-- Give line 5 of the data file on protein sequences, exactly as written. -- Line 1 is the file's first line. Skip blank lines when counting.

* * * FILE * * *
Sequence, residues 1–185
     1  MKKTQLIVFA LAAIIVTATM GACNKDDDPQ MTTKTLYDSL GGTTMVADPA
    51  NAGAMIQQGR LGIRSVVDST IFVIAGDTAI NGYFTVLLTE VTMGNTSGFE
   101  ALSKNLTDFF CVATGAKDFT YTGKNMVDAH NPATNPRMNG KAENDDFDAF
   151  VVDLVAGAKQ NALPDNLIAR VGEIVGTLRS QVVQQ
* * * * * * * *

   151  VVDLVAGAKQ NALPDNLIAR VGEIVGTLRS QVVQQ